Inspired by the Lebanese educator Boutros Al-Bustani’s book Circumference of the Ocean, Mo7it Al-Mo7it signifies, in JIMH’s open and poetic interpretation, “Ocean of the Ocean.” The numeral 7 is pronounced like an h; all titles on the album are rendered in contemporary colloquial “mobile” Arabic (the transliterative characters used in Arabic phone texting). Thanks for listening.”
Inimitable percussionist Eli Keszler takes time out from 0PN’s ensemble to unfurl the incredible, dextrous rhythms and electro-acoustic jazz keen of his masterpiece, ‘Stadium’ - a spellbinding follow-up to his cherished ‘Last Signs of Speed’ LP and recent duties working on 0PN’s ‘Age Of’ and Laurel Halo’s ‘Raw Silk Uncut Wood’ sides. For us this is one of the defining albums of the year - an isolationist avant-jazz masterpiece that is a total must-hear for late-night listeners and, we reckon, anyone with a pulse and especially recommended if yr into Milford Graves, Max Roach, Han Bennink, Conjoint, Jan Jelinek, Miles Davis...
With both his close collaborators Daniel ‘0PN’ Lopatin and Laurel Halo smoking in the back seat of ’Stadium’, Keszler is the dynamic battery behind a shadow-strafing suite of spidery rhythms and inquisitive jazz gestures, effortlessly binding avant instrumental dexterity with cool blue harmolodic sentiment in a timeless style that could feasibly be dated to any point between the mid ‘70s heyday of jazz-fusion and right now, except for those spectacuarly subtle production flourishes that render this album pretty much indefinable. It’s both highly complex and entirely accessible - in the most thought provoking, evocative way.
Painted in diffuse strokes, darting flurries, and intoxicatingly rich tones, ’Stadium’ shows off Keszler’s expressive grasp of meter, texture and proprioception from myriad angles. Combined with floating Rhodes chords, sighing woodwind and field recordings, the results also demonstrate his uncanny capacity to transmute sound to limn landscapes, architecture and the sensation of being lost in a crowd. In the case of ’Stadium’ he uses this ability to specifically reflect his recent house move from the semi-industrial scape of South Brooklyn to the high rise vistas and street level bustle of Manhattan, beautifully connoting multi-storeyed perspectives and a sense of scale that zooms from the atomic to the panoramic via a gauzy, morphing middle-distance.
Within this space, Keszler navigates webs of sound as structurally fascinating as a spider’s web or a deep space image of a distant constellation, seemingly moving on eight legs along steep vertical and fast-flowing horizontal axes with a shocking grasp of precision and pointillism that will leave new listeners to his work scratching their heads, wondering how to programme such chicanery electronically. But as longer term followers of Keszler’s work know, the magick is all acoustic and haptic; physically converting impressions of images and emotions into overlapping geometries of geography and psychology - and in this case effectively projecting a singular, inverted form of sonic deep topography, if you will.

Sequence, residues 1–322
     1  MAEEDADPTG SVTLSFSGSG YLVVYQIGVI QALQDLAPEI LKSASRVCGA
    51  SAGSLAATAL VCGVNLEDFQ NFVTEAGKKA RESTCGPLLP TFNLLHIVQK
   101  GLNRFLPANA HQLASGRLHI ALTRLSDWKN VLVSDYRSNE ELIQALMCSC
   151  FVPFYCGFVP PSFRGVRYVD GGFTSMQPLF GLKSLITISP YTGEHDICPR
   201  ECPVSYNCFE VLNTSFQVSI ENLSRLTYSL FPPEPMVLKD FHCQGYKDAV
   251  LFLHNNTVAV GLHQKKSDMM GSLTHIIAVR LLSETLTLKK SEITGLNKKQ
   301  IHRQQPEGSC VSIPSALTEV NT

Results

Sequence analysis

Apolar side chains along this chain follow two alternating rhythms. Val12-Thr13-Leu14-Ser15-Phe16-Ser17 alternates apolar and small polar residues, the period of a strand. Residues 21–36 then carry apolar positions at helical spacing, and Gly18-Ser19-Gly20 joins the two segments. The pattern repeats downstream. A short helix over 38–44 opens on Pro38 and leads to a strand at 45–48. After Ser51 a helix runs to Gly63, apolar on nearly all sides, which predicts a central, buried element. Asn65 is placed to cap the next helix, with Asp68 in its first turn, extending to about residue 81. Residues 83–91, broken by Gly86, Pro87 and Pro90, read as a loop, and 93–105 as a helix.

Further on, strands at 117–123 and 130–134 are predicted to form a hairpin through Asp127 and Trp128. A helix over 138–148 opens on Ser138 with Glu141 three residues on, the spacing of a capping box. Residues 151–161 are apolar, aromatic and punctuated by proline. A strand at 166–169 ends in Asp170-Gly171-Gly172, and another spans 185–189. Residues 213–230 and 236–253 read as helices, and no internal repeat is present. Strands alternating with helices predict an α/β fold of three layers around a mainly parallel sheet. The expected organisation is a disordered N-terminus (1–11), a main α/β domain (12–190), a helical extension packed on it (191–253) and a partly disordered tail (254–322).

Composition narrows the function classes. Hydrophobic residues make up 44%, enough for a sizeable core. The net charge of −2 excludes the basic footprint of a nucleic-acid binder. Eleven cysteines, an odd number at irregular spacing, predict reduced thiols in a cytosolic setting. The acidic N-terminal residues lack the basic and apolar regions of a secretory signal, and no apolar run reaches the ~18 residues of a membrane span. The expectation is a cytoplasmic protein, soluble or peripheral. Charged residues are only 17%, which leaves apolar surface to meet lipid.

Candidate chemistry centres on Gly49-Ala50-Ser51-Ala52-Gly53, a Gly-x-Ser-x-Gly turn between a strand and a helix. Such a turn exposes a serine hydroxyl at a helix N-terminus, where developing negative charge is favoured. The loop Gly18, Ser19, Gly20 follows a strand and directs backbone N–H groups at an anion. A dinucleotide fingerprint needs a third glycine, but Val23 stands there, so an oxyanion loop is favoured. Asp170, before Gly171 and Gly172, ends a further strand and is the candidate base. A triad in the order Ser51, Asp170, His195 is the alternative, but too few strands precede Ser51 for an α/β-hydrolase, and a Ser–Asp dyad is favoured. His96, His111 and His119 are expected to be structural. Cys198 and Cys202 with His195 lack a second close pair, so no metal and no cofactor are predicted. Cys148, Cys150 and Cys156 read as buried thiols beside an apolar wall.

Perhaps the most wondrous thing about ‘Stadium’ is the way it describes the paradoxical quality of keeping your head amid the chaos - a notion that will surely resonate with inner city dwellers as much as fans of the finest noise, jazz, avant-garde music of all stripes, and is firmly at the heart of ’Stadium’ and its amorphous milieu of sound.
Simply an incredible album.
Pert dance-pop from Little Dragon, taken from their debut EP for Ninja Tune
The sun-kissed vibes of ‘Lover Chanting’ features signature, soulful vocal from Yukimi Nagano in duet with the band’s Erik over plump bassline and natty guitar chops from the skool of neo Scando-disko.
Dean Blunt & Delroy Edwards knuckle down 19 raw-to-the-bone instrumentals from their time spent together in LA.
If played this gear in a blind test, 9 out of 10 neeks would no doubt recognise ‘Desert Sessions’ as the work of Edwards & Blunt. Simply titled in sequence, Audio Tracks 01 - 19, it all feels totally off-the-cuff and cloaked in red-eyed vibes in a very familiar way, with each artist’s input smartly masked by clouds of ferric hiss as dense as the tree smoke in their studio.
Working the heck out of their keyboards’ presets, they hustle a barrage of sawn-off boogie, hip hop and stanky outhouse styles, with a chorus of synthetic fallen angels playing a narrative role around their oblique, often atonal jabs of electronics and half-cut guitar riffs.
It’s maybe best regarded as a mutual, Hypnagogic regression and ode to Blunt and Edwards shared roots in late ‘80s and ‘90s transatlantic culture - from hip hop and R&B to slacker indie-pop and ambient music - allowing for all the fog and fallibility of memory recollection, but bittersweetly evoking their subject in fine style.
Prayers are answered with this damn fine pressing of two late ‘80s, Belgian-produced beauties, including a prime new cut of Teknokrat’s’ rare AF New Beat heater ‘What Did She Say’ - suffice to say we've been waiting for this one for years.
Pairing the original Congolese soukous version of ‘Nakombe Nga’ by Ben Nyambo’s Les Choc Stars Du Zaire, with its remixed instrumental, Teknokrat’s’ ‘What Did She Say’, Rush Hour have just blown our minds by revealing a whole other side to a song that’s utterly dear to our hearts and feet.
As it turns out, both songs share the same producer, Tony Baron, who uncannily shares a name and look with a Reeves & Mortimer character from The Club sketches, and who was behind some of New Beat’s high water marks and its hardest to find records. For years we’ve been obsessed with his ‘Tekno’ LP as The Teknokrat’s (mind that apostrophe), and in particular its last track, an addictive spin on Inner City’s Detroit house sound, titled ‘What Did She Say’.